This blog post begins our series about Lifelong Learning featuring HealthStream’s partner, EBSCO Health.
Everyone in healthcare likes to talk about Lifelong Learning and its importance. What is it, and how does it apply to our industry? Diane Hanson, the Chief Nursing Officer (CNO) at our partner EBSCO Health, was recently interviewed about lifelong learning and its role in keeping healthcare professionals current in their fields. HealthStream asked Diane to elaborate on the definition of lifelong learning, what is behind it as a movement, how lifelong learning is important to different healthcare professionals, its relationship with engagement, and how to facilitate lifelong learning in healthcare organizations. Below is an excerpt from the article written from her responses.
What is “Lifelong Learning” and what is driving this movement in healthcare?
Lifelong learning has been recognized and supported as one of the most significant competencies that people must possess by education/academic organizations and groups, accreditation organizations, governments, employers, and the public at large. Lifelong learning offers individuals the opportunity to keep their knowledge current, learn new skills, and pursue a wide variety of interests through intellectual growth and expansion. Through this continuous learning cycle, people can provide an expanded contribution to society and extend their options for career choice and life enrichment. Healthcare is an ever-changing field of practice with advances in medicine, expanded evidence sources, new treatment options, and changing governmental regulations and models of care. Lifelong learning is not an option in healthcare, it’s required by healthcare workers to remain relevant and continue providing safe, effective patient care. The lifelong learning movement in healthcare provides benefit and welfare for everyone in society.
Applying Lifelong Learning to Three Healthcare Professionals
Diane was asked how lifelong learning might apply to three different healthcare professionals—a med-surg nurse with five years of experience in the nursing profession, a CNO with 25 years of nursing experience and 10 of those years in nurse management, and an Internal Medicine physician who has been practicing for 10 years. Here are her responses:
A medical-surgical nurse would need to stay updated in a variety of diagnosis and procedure/treatment categories. Using tools to stay updated on the most recent evidence is extremely important in addition to participating in continuing education and tracking CEs for licensure requirements. Offering to provide clinical leadership in precepting new nurses is another form of lifelong learning, as oftentimes there are new skills gained by teaching others. Also, medical-surgical practice can frequently be a first position for a nurse. After five years, a nurse may also want to consider learning another clinical area and/or obtain a specialty certification to augment current knowledge.
An experienced Chief Nursing Officer has many opportunities to participate in lifelong learning. Often, the skills required to lead effectively need to be continually honed and expanded. New challenges affecting the clinical workforce and healthcare in general require nursing leaders/managers to take leadership courses, become certified in healthcare leadership through formal channels, attend conferences, and stay updated on changing regulations and models of care delivery in order to stay challenged and effective in their roles.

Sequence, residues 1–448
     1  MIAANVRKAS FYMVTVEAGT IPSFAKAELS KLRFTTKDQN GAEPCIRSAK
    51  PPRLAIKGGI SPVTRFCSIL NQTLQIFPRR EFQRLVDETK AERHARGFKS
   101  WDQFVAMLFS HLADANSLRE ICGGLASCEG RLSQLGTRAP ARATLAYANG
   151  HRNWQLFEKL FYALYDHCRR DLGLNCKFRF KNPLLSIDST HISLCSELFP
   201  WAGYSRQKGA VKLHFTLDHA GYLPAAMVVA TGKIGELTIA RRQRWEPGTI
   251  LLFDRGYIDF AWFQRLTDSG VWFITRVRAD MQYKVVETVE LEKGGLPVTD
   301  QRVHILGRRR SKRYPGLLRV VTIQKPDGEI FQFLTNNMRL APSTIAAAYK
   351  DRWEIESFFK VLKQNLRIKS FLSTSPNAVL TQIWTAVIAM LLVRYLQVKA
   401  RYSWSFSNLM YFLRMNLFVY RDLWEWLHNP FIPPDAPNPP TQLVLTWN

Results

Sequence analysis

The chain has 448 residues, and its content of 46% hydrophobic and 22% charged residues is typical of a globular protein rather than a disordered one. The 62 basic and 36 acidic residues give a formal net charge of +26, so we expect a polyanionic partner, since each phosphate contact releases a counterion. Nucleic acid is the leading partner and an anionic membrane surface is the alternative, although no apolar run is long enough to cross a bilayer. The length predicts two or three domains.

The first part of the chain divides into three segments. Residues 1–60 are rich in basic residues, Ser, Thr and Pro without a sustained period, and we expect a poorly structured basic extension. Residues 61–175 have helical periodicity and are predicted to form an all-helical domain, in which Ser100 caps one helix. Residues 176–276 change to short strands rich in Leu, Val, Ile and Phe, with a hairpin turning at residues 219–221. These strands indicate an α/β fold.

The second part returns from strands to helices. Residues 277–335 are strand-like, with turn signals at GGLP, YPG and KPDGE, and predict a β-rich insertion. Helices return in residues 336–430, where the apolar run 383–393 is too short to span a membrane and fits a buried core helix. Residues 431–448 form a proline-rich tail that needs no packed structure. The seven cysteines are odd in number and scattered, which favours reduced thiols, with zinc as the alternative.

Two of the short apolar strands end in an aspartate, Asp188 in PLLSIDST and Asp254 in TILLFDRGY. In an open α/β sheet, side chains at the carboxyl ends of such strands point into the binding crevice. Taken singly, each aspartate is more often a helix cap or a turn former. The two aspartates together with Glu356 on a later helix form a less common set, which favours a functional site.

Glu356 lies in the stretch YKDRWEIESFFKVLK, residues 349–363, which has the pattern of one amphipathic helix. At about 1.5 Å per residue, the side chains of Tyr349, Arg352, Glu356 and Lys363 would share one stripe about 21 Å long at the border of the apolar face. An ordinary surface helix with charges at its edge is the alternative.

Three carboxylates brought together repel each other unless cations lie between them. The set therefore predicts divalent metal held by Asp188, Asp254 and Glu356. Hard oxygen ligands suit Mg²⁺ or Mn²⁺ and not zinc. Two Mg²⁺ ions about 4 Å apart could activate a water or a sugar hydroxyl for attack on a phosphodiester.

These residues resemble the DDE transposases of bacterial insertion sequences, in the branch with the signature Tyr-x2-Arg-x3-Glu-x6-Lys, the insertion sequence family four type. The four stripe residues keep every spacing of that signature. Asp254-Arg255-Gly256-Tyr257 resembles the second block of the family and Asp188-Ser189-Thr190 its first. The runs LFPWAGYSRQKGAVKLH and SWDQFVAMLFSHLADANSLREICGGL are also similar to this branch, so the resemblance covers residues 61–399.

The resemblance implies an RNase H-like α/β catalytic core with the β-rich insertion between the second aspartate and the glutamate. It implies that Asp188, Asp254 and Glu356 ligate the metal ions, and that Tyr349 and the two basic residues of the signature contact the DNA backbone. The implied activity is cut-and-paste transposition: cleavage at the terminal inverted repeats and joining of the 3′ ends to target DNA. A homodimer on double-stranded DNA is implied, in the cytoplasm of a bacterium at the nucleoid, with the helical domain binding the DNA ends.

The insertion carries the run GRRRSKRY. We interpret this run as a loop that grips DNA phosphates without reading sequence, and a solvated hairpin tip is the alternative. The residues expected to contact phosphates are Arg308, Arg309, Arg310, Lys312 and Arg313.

Physicians have continual needs to stay updated in the most recent evidence, treatment options, pharmaceuticals, and equipment in order to practice medicine and maintain credentialing and practice privileges. Physicians benefit from lifelong learning activities such as attending conferences, staying active within their professional societies, and using evidence-based tools to assist with day-to-day decision-making. Physicians working in academic settings also have an opportunity to teach and participate in research to advance the lifelong learning of others. EMR advancement and adoption in healthcare and digital health has increased the need for physicians to learn a variety of technology systems as lifelong learning opportunities.
About Diane Hanson RN, BSN, MM; Chief Nursing Officer, EBSCO Health, and Editor in Chief, Dynamic Health
Diane Hanson is the Editor in Chief of Dynamic Health at EBSCO Health. In this role she provides leadership direction for nursing and allied health reference and clinical decision support strategies for the organization. After spending several years working in a hospital organization in various clinical and leadership positions, Diane has been focused on improving quality and evidence-based practice at the point of care through clinical decision support, health informatics and analytics. Diane brings over 25 years of experience in the healthcare industry, most recently as Vice President of Product Strategy & Management at Vizient Inc. Previously she served at Elsevier as General Manager within their CDS division and with Eclipsys (Allscripts) in an EVP leadership role. Diane is a published author and speaker on evidence-based practice and clinical decision support. She holds a degree in nursing from Grand Valley State University and a Masters in Management degree from Aquinas College.
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